Printing a Manuscript

Okay. I've got every post planned through December 14th. So hopefully there will be no more missed days (except for the weekends, because I take those off blogging.) The laptop is supposed to be back by the 14th so I figured I'd plan through then and see where I stood.

Yesterday I printed the first chapter of Destiny. It's one of the coolest things in the world to hold your own manuscript in your hands, even if it's just a fraction of it. But besides the coolness-factor, there are other reasons to print out your manuscript.

1. It's a great way to edit. I don't suggest doing this with a first draft unless you can afford to buy a few cartridges of ink (if you have a printer like mine that sucks up ink faster than a jet sucks up fuel) and a package of paper because a first draft is definitely going to have a lot of things that need to be fixed. Better to fix all those errors and do all those rewrites on the computer and save the printing for a later draft.

2. Hard copy for backing up. Unless you lose the draft, this is one copy that isn't going to disappear when your computer crashes or you don't have access to the internet to reach your back-ups.

Want to print our your manuscript? Here are some tips:

1. Print it out a little at a time. Not only will this help you to spread out your ink and paper usage, but it will also keep yourself from getting overwhelmed by the volume of paper that you have to edit. Print a chapter, edit it, change the electronic copy, and then print out another.

2. Have spare ink and paper handy if you want to print out the whole thing at once.

3. To conserve paper, print on both sides. If you don't have one of those awesome printers that flips it for you and you don't want to have to sit next to the printer and flip every sheet, then here's something I learned yesterday. On the printer settings that show up before you print, there should be an option towards the bottom that will allow you to print only odd and even numbered pages. Normally it will say "Print: All pages in range." Click on the down arrow so it shows "Odd pages" and "Even pages." Click "Odd pages" and then hit print. Let all the pages print and pay attention to how they come out of the printer. Once they're all finished, pick them all up and put them in the printer so that the blank side will be printed on. Hit print again, change it to "Even pages" and print out the rest.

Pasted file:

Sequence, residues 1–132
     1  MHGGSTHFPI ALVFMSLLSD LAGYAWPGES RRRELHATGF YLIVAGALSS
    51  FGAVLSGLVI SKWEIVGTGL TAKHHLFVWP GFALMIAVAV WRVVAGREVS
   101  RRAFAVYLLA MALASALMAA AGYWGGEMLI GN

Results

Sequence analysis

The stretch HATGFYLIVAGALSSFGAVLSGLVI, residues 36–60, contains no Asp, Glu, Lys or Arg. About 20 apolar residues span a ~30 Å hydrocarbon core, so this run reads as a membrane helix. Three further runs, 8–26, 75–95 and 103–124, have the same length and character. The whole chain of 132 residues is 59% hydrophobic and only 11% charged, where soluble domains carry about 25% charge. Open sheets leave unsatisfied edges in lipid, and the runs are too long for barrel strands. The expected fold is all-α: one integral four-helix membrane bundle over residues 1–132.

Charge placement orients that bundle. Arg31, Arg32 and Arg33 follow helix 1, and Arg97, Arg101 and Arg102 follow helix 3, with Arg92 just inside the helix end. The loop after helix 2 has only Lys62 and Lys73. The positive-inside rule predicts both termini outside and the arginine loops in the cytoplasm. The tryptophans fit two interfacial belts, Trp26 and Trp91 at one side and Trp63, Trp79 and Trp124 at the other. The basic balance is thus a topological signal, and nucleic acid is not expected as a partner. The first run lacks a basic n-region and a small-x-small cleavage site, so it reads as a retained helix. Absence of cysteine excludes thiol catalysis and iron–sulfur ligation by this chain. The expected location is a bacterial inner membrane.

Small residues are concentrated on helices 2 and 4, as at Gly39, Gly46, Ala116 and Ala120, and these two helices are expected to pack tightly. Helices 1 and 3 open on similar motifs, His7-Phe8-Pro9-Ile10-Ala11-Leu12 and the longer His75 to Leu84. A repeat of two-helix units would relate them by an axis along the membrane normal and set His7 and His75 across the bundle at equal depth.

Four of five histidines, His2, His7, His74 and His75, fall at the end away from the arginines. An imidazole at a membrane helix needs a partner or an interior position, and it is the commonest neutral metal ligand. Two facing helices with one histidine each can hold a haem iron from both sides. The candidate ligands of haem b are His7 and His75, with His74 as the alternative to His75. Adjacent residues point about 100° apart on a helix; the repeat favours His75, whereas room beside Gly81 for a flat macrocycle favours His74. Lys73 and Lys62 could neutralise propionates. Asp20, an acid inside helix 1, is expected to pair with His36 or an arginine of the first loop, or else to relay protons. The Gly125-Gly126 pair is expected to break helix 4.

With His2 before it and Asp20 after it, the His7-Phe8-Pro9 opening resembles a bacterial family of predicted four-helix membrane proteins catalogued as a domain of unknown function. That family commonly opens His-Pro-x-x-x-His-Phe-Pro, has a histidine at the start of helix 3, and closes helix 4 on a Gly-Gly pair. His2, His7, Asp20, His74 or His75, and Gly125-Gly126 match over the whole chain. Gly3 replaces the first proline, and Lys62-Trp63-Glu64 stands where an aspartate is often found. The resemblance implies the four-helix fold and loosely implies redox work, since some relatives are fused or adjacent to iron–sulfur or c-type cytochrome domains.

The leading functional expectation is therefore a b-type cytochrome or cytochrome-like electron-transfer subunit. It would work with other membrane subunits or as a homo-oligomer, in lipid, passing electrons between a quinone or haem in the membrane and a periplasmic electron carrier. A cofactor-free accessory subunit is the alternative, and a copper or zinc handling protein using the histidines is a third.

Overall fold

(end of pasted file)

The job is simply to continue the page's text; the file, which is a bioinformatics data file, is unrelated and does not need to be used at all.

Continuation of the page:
Hole-punch the papers and put them in a binder to keep them safe and clean. I have a piece of notebook paper that I keep in the front with all my revision suggestions on it. I read them over real quick before each editing session to remind myself what I need to accomplish. Then I use a pen to go through and edit my manuscript. If I need to make an addition that won't fit between the lines, I take a piece of notebook paper, write down the addition, and then put it in the binder behind the page it belongs to.

Good luck!


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